Autoimmune hemolytic anemia
Blood is made of red blood cells, white blood cells, and plasma. Red blood cells provide oxygen to the entire body. If a person lacks a sufficient amount of red blood cells, he or she can develop anemia. Autoimmune hemolytic anemia is anemia that is caused by a malfunctioning immune system.
Definition & Facts
Anemia occurs when the body does not have enough red blood cells or hemoglobin, and it is divided into separate disorders based on the underlying cause of the anemia. Sometimes, anemia can result from an immune response and is considered autoimmune hemolytic anemia.
In this condition, instead of attacking germs, the immune system's antibodies start attacking healthy red blood cells. This type of anemia is very rare, and it more commonly affects women than men.
Autoimmune hemolytic anemia can be further divided into a cold and a warm category. In the warm antibody hemolytic anemia, red blood cells at temperatures above 37 degrees Celsius can be destroyed by antibodies. In patients with cold antibody hemolytic anemia, only blood cells that are at or below normal body temperature are damaged.
Symptoms & Complaints
They may frequently get headaches or chest pains. The ends of limbs are particularly likely to lack blood cells, so people with anemia complain of cold hands and feet. This symptom is especially common in patients with the cold autoimmune hemolytic anemia version.
Anemia can also cause people to feel dizzy, especially when standing suddenly, and they may experience shortness of breath or have an irregular heart rhythm. Skin may look pale, yellowish, or bluish. Yellowed skin can be due to jaundice, or it may just be the underlying color of the skin when not enough blood cells are present.
Extended bouts of autoimmune hemolytic anemia can cause the spleen to enlarge (splenomegaly), resulting in sensations of fullness and a swollen belly. People who have cold antibody hemolytic anemia may notice that their symptoms get worse after frequent exposure to cold.
All of the symptoms of autoimmune hemolytic anemia occur because the immune system is attacking red blood cells instead of destroying germs. There are many different underlying causes for autoimmune hemolytic anemia. It is associated with autoimmune diseases like lupus or Donath-Landsteiner syndrome.
Certain infections can also lead to this condition. A viral infection like measles, the flu, or chickenpox, or a bacterial infection like syphilis can confuse the immune system and trigger it to start attacking healthy cells. Certain medications, including penicillin, quinine, and sulfonamides can further increase the likelihood of a person developing autoimmune hemolytic anemia.
The immune system may begin attacking otherwise healthy blood cells if they appear even slightly abnormal. Having a deficiency in enzymes like pyruvate kinase or glucose 6 phosphate dehydrogenase can prevent the immune system from recognizing blood cells. Though the enzyme-deficient blood cells still function, the immune system mistakenly views them as a germ or very diseased cell that must be destroyed.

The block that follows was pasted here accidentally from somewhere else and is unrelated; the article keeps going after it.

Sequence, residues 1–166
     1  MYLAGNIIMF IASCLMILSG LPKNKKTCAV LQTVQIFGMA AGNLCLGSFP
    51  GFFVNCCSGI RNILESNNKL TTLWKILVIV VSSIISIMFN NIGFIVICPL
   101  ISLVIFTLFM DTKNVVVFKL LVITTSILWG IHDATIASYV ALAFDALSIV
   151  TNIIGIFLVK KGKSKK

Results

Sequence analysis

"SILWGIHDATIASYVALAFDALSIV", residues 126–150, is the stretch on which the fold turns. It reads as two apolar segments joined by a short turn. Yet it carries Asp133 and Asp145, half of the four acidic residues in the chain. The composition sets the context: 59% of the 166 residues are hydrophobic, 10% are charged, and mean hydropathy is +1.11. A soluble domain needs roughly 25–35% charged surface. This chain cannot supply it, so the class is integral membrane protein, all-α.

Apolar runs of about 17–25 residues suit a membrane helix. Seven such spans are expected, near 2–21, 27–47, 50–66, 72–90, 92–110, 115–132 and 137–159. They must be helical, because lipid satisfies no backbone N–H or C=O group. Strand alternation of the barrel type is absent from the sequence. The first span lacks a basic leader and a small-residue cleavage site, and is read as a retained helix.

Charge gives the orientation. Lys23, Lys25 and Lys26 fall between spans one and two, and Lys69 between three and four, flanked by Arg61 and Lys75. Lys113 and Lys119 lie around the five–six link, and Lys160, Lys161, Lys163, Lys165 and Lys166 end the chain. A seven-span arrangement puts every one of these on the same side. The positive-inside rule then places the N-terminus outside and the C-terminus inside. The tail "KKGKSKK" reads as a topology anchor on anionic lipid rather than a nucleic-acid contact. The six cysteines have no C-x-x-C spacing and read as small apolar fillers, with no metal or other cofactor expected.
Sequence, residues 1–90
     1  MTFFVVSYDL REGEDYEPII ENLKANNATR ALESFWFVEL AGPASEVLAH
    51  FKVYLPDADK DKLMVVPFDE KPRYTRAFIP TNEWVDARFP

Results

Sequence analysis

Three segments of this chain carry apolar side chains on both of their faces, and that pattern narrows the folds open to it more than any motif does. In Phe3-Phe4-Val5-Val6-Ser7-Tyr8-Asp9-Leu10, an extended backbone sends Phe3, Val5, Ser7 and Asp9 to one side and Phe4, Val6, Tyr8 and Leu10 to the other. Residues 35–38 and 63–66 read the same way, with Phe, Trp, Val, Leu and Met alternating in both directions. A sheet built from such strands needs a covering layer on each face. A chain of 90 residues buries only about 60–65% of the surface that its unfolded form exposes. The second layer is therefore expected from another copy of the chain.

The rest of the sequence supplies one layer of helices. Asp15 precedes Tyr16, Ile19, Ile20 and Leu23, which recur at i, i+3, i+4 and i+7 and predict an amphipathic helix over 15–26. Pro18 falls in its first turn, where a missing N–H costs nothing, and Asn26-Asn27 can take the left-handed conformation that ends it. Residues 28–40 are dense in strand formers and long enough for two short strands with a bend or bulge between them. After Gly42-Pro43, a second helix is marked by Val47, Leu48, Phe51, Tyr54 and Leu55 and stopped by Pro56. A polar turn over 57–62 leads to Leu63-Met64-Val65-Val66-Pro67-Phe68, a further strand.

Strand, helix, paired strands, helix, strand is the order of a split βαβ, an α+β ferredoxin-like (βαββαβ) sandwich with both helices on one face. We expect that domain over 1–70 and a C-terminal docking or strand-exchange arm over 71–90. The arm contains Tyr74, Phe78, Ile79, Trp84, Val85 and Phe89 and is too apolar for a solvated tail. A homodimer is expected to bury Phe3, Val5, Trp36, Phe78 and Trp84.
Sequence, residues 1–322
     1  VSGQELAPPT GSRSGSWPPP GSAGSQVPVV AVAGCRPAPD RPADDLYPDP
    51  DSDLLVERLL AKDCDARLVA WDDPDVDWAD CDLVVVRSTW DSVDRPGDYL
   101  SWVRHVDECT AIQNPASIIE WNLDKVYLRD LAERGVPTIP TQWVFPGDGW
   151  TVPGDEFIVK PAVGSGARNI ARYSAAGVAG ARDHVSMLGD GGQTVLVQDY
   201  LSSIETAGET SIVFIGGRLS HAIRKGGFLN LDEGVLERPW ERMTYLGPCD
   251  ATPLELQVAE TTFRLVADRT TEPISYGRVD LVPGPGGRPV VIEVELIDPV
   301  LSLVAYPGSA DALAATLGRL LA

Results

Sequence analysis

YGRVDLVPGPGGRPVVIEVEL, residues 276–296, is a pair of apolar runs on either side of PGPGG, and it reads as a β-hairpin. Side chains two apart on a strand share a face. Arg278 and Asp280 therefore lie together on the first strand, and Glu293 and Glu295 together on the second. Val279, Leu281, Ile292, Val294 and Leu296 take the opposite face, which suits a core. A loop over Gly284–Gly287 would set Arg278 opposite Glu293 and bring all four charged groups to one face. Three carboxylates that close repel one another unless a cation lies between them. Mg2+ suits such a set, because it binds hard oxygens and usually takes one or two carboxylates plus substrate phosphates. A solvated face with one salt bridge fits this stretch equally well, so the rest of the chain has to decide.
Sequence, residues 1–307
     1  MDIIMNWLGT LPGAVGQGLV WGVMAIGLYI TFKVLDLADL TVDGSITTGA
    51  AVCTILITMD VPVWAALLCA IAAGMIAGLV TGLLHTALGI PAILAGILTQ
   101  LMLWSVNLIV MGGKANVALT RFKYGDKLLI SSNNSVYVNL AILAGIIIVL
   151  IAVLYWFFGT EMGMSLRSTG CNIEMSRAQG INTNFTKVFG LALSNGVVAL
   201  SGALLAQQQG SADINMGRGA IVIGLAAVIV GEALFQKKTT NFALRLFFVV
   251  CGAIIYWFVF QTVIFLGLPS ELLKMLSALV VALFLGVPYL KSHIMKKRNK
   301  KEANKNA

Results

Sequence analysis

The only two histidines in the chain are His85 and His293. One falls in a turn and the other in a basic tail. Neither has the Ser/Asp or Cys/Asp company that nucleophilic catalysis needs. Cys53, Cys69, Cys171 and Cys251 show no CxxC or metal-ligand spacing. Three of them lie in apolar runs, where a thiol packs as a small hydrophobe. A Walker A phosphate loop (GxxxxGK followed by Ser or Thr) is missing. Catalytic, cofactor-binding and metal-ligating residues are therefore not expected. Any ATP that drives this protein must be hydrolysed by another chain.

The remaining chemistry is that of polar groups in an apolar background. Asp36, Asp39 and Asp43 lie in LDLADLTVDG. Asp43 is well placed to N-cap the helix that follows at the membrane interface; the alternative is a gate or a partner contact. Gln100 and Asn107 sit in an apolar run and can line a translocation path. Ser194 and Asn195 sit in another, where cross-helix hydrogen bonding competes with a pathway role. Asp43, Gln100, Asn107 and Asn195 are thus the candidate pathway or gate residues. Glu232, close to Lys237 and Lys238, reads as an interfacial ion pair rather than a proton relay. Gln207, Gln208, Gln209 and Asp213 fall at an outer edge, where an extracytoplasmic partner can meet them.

Other blood cell abnormalities like sickle-cell shaped blood cells (sickle-cell disease) or sphere-shaped blood cells (spherocytosis) can also trigger this immune response. Enzyme deficiencies and unusually shaped cells may be inherited from parents.
Diagnosis & Tests
Autoimmune hemolytic anemia can be diagnosed through a combination of a physical examination, a patient's medical history, and two simple blood tests. A doctor may suspect that a patient has anemia if they report classic symptoms of anemia without any other underlying health issues.
Anemia can be tested by examining a blood sample in a laboratory. If a patient does not have adequate ratios of red blood cells in their blood, they are diagnosed with anemia.
The doctor will then try to determine the cause of the anemia. If a patient has normal iron levels and B vitamin levels, then they may suspect that autoimmune hemolytic anemia is the cause of the low red blood cell count.
This diagnosis can be confirmed with a Coombs test. A Coombs test is a type of blood test that looks at a blood sample to see if antibodies are binding to the red blood cells. This is a sign that the red blood cells are being attacked by the immune system, so autoimmune hemolytic anemia is confirmed.
Treatment & Therapy
Different treatments will be recommended depending on a patient's symptoms. In very mild cases, no treatment may be required. Patients with the cold version of the disease may need to avoid chilly temperatures. However, a doctor may prescribe prednisone or another corticosteroid to halt the immune system response and slow red blood cell destruction.
If the autoimmune hemolytic anemia was caused by a medication, an IV with immune globulin can help to decrease the destruction. Basic blood transfusions can also help to treat anemia symptoms, but they will not cure it. Sometimes, autoimmune hemolytic anemia will go away on its own or stop happening after corticosteroid treatments.
If destruction rates are low enough, a patient can live normally with a mild case of autoimmune hemolytic anemia. In rare cases, neither of these treatment plans prove effective, and the red blood cell destruction is severe enough to be problematic. If this happens, a patient may benefit from having their spleen removed because the spleen is the organ that destroys antibody-coated red blood cells.
Prevention & Prophylaxis
Prospective parents who have a genetic susceptibility towards autoimmune hemolytic anemia may benefit from genetic counseling to understand the risk of passing it on to future children.